Calorie Restriction in Overweight Seniors: Response of Older Adults to a Dieting Study: The CROSSROADS Randomized Controlled Clinical Trial

Marilyn C. Haas, Eric V. Bodner, Cynthia J. Brown, David Bryan, David R. Buys, Akilah Dulin Keita, Lee Anne Flagg, Amy Goss, Barbara Gower, Martha Hovater, Gary Hunter, Christine S. Ritchie, David L. Roth, Brooks C. Wingo, Jamy Ard, Julie L. Locher

Research output: Contribution to journalArticlepeer-review

Abstract

We conducted a study designed to evaluate whether the benefits of intentional weight loss exceed the potential risks in a group of community-dwelling obese older adults who were at increased risk for cardiometabolic disease. The CROSSROADS trial used a prospective randomized controlled design to compare the effects of changes in diet composition alone or combined with weight loss with an exercise only control intervention on body composition and adipose tissue deposition (Specific Aim #1: To compare the effects of changes in diet composition alone or combined with weight loss with an exercise only control intervention on body composition, namely visceral adipose tissue), cardiometabolic disease risk (Specific Aim #2: To compare the effects of a change in diet composition alone or combined with weight loss with an exercise only control intervention on cardiometabolic disease risk), and functional status and quality of life (Specific Aim #3: To compare the effects of a change in diet composition alone or combined with weight loss with an exercise only control intervention on functional status and quality of life). Participants were randomly assigned to one of three groups: Exercise Only (Control) Intervention, Exercise + Diet Quality + Weight Maintenance Intervention, or Exercise + Diet Quality + Weight Loss Intervention. CROSSROADS utilized a lifestyle intervention approach consisting of exercise, dietary, and behavioral components. The development and implementation of the CROSSROADS protocol, including a description of the methodology, detailing specific elements of the lifestyle intervention, assurances of treatment fidelity, and participant retention; outcome measures and adverse event monitoring; as well as unique data management features of the trial results, are presented in this article.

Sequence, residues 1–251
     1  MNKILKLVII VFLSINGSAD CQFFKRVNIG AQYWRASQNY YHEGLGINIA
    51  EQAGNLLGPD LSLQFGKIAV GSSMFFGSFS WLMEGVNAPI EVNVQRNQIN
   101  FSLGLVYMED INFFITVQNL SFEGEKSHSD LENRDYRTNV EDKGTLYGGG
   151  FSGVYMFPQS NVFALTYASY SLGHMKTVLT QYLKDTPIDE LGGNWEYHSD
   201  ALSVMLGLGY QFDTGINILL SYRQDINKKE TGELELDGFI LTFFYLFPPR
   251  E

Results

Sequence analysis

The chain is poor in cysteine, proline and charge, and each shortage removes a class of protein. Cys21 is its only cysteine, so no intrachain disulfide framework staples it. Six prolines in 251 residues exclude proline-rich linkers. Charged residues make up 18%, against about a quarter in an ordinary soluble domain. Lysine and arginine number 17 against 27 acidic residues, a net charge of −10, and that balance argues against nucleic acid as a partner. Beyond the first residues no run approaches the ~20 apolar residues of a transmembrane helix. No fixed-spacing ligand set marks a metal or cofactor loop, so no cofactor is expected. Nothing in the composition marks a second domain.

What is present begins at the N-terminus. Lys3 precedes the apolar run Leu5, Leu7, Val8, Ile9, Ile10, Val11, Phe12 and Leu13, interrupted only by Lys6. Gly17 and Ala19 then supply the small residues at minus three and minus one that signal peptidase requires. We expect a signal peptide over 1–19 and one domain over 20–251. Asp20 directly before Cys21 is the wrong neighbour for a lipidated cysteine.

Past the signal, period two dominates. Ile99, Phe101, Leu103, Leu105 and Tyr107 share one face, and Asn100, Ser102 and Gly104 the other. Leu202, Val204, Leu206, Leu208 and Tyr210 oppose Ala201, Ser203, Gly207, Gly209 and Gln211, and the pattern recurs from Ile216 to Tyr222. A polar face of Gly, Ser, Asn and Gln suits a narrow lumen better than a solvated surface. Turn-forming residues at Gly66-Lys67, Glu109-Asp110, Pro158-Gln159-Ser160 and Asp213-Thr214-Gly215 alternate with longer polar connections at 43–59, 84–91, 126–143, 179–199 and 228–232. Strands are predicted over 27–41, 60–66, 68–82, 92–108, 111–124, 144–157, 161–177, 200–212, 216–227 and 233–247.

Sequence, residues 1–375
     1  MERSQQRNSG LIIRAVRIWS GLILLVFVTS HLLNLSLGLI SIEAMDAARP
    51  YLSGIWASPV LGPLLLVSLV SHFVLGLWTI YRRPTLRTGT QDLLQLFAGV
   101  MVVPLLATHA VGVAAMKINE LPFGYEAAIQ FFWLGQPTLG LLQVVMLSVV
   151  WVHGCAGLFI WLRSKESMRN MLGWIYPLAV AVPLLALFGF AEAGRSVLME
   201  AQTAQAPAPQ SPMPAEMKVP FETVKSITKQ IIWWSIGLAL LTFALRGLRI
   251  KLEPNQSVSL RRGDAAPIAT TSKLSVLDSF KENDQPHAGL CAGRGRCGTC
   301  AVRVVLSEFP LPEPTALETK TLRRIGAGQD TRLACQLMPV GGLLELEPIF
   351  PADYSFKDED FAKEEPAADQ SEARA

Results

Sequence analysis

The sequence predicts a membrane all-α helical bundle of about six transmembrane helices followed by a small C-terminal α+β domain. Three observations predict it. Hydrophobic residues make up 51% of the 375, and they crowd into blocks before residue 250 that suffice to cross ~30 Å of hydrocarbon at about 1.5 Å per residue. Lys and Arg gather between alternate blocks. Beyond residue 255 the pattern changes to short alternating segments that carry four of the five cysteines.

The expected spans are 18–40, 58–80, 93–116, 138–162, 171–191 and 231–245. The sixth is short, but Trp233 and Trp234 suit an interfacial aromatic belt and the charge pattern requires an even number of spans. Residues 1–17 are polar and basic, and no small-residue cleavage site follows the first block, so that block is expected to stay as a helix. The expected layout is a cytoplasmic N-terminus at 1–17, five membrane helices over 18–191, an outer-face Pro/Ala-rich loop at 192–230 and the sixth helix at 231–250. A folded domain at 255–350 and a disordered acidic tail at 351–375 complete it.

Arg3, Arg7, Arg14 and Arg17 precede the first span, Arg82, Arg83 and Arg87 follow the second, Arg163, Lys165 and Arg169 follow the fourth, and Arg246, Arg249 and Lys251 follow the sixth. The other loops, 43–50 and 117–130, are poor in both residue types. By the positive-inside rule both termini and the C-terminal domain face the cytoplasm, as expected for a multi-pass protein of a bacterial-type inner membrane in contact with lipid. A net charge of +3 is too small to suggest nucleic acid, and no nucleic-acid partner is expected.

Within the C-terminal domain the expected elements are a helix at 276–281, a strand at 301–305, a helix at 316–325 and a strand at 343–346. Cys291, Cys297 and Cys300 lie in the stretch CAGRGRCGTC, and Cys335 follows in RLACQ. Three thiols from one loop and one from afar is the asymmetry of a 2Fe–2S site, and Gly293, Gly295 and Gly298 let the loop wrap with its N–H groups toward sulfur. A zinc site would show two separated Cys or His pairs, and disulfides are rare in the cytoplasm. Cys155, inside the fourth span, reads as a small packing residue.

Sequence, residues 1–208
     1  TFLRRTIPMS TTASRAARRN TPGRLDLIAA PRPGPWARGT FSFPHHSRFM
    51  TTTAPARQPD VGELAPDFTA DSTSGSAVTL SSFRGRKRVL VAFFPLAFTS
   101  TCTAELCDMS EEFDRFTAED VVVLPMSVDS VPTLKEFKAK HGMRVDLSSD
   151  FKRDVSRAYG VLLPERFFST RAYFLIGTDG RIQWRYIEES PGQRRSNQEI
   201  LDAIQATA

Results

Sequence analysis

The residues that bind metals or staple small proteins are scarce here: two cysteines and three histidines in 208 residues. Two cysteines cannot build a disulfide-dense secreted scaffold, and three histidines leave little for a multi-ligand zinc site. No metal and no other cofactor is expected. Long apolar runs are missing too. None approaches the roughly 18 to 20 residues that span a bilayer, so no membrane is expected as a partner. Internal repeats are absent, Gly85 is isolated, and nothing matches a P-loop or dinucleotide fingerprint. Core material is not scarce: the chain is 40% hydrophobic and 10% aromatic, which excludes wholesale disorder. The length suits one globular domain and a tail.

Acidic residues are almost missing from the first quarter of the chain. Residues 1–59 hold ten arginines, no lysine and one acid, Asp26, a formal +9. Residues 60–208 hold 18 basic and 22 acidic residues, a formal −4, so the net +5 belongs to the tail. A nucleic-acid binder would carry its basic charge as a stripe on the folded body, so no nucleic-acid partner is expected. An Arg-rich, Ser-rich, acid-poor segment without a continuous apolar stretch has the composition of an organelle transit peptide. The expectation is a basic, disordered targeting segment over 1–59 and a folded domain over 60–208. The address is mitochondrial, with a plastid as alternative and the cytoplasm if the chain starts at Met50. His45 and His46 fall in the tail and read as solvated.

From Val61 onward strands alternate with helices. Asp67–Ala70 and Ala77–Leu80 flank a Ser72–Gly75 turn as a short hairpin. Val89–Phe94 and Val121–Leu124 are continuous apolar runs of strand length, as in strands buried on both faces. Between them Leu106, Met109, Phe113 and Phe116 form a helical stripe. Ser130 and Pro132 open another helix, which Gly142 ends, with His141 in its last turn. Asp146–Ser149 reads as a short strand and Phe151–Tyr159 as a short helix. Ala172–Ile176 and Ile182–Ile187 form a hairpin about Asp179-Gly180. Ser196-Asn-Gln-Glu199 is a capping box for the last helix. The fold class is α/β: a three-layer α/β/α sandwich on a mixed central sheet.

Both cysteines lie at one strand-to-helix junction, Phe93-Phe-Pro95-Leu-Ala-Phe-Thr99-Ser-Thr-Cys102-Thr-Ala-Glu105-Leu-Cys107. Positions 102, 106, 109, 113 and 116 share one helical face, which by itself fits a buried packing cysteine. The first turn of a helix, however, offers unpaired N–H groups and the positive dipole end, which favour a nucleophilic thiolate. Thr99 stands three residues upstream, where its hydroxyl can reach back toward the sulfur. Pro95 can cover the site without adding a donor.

Original languageEnglish (US)
Pages (from-to)376-400
Number of pages25
JournalJournal of Nutrition in Gerontology and Geriatrics
Volume33
Issue number4
DOIs
StatePublished - Oct 2 2014

Keywords

  • dietary intervention
  • lifestyle intervention
  • obesity
  • older adults
  • randomized controlled trial
  • weight loss

ASJC Scopus subject areas

  • Nutrition and Dietetics
  • Geriatrics and Gerontology

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